What I wish I knew when I first started university

Hindsight is a wonderful thing. Looking back on your past, it’s easy to see how you could have done things differently…and better. But you can’t turn back the clock; you simply learn from your mistakes and embrace the future possibilities (and giving a big fat hug to the here and now).

I didn’t find out some things until after it was too late, or I only got in on the goodness later down the line. Either way, it pays to know as soon as possible.

photo by emilbacik

photo by emilbacik

Because of this, here are just a handful of the things I wish I’d known at the start of my degree. By no means exhaustive, but certainly important points:

The Students’ Union is for more than entertainments.

This is the main thing I wish I understood better as soon as I went off to study. One of the first things I did with TheUniversityBlog was to highlight the role of the Students’ Union. It operates to represent YOU, as a student. If you have study issues, accommodation problems, and any comments or queries relating to your capacity as a student, your SU is the place to go. It covers your education, your development, your social life, your legal rights, your access, your personal rights and expectations, and much more.
Students, like you, are voted in each year to represent everyone in matters of education & welfare, entertainments, publicity & promotion, clubs & societies, minority group recognition and rights, and so on.  It’s all designed to help you make the most of your university and champion your role as a student.

You don’t need to know everything about uni life the second you arrive on campus.

When Freshers turn up to register, they are bombarded with booklets, leaflets, timetables, courses, lectures, dos and don’ts, official forms and requests, and a wealth of documents designed to help you sort out most things.  If lucky, a lot of the gumph will be sent to you in the weeks before leaving for uni.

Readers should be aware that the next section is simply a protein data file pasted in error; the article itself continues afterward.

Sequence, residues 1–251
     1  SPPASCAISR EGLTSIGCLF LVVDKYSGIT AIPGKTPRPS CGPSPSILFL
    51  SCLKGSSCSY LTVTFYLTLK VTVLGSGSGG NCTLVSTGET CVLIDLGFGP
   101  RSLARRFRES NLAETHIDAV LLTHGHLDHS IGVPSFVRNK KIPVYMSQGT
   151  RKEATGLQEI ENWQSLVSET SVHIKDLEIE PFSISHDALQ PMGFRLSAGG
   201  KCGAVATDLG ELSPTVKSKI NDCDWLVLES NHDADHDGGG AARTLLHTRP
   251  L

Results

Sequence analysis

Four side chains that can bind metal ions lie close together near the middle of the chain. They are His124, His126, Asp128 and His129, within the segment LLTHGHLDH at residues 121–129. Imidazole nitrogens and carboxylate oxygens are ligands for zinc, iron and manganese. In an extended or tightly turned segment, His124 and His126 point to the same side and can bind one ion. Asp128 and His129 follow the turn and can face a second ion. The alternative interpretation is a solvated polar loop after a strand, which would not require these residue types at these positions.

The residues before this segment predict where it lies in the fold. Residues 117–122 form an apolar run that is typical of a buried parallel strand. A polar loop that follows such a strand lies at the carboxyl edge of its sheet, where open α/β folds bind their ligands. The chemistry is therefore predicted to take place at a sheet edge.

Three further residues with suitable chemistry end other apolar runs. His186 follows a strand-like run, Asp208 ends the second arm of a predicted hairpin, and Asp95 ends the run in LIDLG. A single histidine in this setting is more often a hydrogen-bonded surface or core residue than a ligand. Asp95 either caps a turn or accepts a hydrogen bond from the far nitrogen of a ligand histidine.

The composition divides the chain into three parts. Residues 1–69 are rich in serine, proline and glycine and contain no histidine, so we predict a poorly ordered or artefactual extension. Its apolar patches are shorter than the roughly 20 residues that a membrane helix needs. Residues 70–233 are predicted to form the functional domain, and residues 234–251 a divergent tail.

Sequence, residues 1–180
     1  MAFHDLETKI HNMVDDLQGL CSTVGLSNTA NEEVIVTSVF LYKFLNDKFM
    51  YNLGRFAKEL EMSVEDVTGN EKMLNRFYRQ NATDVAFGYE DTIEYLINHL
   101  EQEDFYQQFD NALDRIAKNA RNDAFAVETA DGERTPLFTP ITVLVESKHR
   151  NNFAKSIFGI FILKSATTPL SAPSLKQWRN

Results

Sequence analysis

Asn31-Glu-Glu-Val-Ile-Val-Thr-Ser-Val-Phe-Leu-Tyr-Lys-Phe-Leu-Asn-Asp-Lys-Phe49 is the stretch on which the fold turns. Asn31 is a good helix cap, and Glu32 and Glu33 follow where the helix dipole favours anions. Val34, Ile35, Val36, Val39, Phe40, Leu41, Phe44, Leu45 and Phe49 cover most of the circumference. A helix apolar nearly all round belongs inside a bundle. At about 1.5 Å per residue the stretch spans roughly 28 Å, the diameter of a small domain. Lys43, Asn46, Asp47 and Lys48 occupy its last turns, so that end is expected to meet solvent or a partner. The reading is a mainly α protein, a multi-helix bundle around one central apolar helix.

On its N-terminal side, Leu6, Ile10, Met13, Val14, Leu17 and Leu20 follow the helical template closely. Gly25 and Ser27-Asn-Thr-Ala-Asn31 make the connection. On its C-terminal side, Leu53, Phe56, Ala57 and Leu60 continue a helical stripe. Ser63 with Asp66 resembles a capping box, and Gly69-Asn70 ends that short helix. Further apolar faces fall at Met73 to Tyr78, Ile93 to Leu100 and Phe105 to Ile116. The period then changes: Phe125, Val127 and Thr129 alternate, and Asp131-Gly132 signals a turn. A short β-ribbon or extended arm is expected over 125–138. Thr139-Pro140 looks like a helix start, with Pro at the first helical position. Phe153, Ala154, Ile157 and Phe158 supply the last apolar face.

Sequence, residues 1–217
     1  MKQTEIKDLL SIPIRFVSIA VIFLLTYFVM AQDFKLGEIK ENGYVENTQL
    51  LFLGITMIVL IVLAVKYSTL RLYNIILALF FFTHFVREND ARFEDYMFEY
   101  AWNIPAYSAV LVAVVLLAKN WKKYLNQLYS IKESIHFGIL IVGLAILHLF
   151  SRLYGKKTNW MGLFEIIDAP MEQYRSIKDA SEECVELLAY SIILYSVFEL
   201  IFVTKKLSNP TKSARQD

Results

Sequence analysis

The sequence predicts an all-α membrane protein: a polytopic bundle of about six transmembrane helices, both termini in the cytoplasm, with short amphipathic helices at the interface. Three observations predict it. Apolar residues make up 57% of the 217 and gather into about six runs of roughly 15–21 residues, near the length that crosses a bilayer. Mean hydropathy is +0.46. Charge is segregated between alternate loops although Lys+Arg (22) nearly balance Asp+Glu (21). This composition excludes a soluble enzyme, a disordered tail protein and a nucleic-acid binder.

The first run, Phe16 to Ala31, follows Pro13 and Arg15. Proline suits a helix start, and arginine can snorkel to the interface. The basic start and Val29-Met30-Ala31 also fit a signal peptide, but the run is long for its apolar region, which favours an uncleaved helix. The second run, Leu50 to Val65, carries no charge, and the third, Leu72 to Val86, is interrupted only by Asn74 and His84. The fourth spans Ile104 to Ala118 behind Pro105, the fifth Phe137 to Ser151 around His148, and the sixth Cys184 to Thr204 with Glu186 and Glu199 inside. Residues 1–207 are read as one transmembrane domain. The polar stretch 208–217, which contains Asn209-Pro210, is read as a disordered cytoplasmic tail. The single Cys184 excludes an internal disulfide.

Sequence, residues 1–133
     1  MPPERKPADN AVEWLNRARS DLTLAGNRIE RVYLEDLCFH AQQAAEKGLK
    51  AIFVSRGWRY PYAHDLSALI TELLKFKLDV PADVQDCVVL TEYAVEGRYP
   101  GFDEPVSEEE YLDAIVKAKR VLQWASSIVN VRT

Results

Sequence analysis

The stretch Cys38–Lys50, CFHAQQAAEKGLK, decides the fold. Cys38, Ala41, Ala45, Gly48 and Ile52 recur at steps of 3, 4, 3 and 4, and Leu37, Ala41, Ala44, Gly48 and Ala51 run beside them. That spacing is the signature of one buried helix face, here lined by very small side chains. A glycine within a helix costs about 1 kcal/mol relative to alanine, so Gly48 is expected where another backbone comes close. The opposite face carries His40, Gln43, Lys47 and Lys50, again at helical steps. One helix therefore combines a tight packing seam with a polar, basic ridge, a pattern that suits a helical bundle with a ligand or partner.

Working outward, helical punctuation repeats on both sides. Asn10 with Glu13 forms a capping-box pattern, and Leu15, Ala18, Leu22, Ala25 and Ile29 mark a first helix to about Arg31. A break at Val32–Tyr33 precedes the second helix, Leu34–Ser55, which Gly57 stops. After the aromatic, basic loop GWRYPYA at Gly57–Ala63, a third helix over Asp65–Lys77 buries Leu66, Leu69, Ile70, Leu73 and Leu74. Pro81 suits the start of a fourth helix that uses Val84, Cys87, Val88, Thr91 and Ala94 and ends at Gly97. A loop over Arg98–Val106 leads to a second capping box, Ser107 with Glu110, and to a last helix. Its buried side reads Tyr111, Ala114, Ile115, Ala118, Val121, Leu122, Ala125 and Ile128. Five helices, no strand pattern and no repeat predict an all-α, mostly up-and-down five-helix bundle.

However, most things won’t matter to you the moment you start.  Maybe they will never matter to you.
There are two main groups of students…those who read everything and become overwhelmed by the outpouring of information, and those who chuck everything to one side and prepare to have fun fun fun!
Don’t go to either extreme. Just take all the stuff you can and put it together in a safe place for reference. Then – if and when you do need the information – you’ll know where it is, even if you need to rifle through for a minute to find the relevant details.
Familiarise yourself with what’s there by all means, but don’t panic that you’ll forget some of it. The help is there to do exactly that. Help. It’s pointless if you need help digesting the help!

The more fun you have with your study, the better you should achieve.

As I moved through the years at uni, I became increasingly aware that I could write papers saying exactly what I felt about a subject. So long as I backed up my thoughts with relevant references and explained why I disagreed with some famous (or not so famous) academic author’s theory, it was fine.
The work you’re assessed on is not simply about getting ticks and gold stars. It’s about making a convincing argument, explaining how you came to that conclusion, and backing up every point you make. Some students worry that they have referred to too many authors and texts, but the more you can show background reading and research, the better.  Critical thinking rules (as my previous rant post on what bugs me should show…)